'Wake in Fright': Restored outback drama hasn't lost chilling effect
A movie review of "Wake in Fright," one of the seminal Australian films of the 1970s. Ted Kotcheff's disturbing outback drama stars Gary Bond as a schoolteacher who spends his Christmas holidays gambling, drinking and hunting kangaroos.
Special to The Seattle Times
'Wake in Fright,' with Gary Bond, Donald Pleasence, Sylvia Kay. Directed by Ted Kotcheff, from a screenplay by Evan Jones, based on a novel by Kenneth Cook. 114 minutes. Rated R for language, nudity, smoking, kangaroo abuse. SIFF Cinema at the Film Center.
The "Mad Max" series and Peter Weir's eerie films established the international reputation of the Australian New Wave in the late 1970s, but an argument could be made that a couple of 1971 films, "Walkabout" and "Wake in Fright," represented the genre's true beginnings.
While the aborigine nature drama "Walkabout" enjoyed some art-house success, the more existential and disturbing "Wake in Fright" was released as grindhouse fodder and given a blander American title ("Outback"). Critics championed it (Pauline Kael praised its "talent and intelligence" as well as its "sense of epic horror"), but until recently it was in danger of becoming a lost film.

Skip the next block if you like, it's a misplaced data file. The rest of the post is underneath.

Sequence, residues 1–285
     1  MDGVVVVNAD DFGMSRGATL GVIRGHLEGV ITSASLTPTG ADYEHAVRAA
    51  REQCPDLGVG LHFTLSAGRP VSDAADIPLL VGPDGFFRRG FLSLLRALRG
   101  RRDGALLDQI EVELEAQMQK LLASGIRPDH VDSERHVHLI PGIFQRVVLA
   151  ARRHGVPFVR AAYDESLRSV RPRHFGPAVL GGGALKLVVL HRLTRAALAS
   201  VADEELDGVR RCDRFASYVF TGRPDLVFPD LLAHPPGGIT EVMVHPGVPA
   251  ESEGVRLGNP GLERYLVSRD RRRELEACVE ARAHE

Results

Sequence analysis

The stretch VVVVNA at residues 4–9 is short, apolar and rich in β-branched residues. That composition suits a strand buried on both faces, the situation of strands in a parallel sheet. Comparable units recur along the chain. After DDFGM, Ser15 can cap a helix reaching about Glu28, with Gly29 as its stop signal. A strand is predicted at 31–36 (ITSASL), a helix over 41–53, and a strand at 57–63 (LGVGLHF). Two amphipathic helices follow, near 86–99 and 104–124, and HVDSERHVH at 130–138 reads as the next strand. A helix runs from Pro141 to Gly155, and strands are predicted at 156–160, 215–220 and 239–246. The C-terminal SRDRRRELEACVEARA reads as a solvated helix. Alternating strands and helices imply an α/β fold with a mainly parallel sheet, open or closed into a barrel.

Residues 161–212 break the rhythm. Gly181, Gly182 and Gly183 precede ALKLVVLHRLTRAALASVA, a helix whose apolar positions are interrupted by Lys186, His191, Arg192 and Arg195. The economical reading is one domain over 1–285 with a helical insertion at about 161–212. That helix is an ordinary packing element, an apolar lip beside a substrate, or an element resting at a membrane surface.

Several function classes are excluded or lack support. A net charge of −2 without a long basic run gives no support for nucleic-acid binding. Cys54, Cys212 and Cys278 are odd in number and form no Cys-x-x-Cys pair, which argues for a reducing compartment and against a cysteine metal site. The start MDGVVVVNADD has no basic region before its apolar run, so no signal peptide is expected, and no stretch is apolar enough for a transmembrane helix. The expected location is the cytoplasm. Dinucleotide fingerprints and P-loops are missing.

Now that a gorgeous digital restoration has rescued "Wake in Fright" from almost-certain disintegration, it's possible to see how it complements and reflects the concerns of other films of the period. It's clearly a seminal piece of work.
The hero (played by the always-interesting Gary Bond) is a handsome, uncertain schoolteacher stuck in the outback. Although he had other plans, he spends his Christmas holidays gambling and drinking in a male-dominated community.
He loses all his money, turns off the one apparently available woman (the wonderfully dry Sylvia Kay), goes on a brutal hunt for kangaroos and spends an ambiguous night with another man (Donald Pleasence at his most menacing). The story ends where it begins, with nothing essential changed except for the memories of the characters.
"Wake in Fright" was originally released around the same time as "The Last Picture Show," which used startlingly similar camerawork to capture the hero's desolate surroundings, and "Straw Dogs," which took a similarly nihilistic approach to backwoods mayhem.
In 1971, The New York Times' Roger Greenspun thought it had "a particular terror ... that is not quite like anything else I can remember feeling at the movies." Several decades later, it still chills.
John Hartl: firstname.lastname@example.org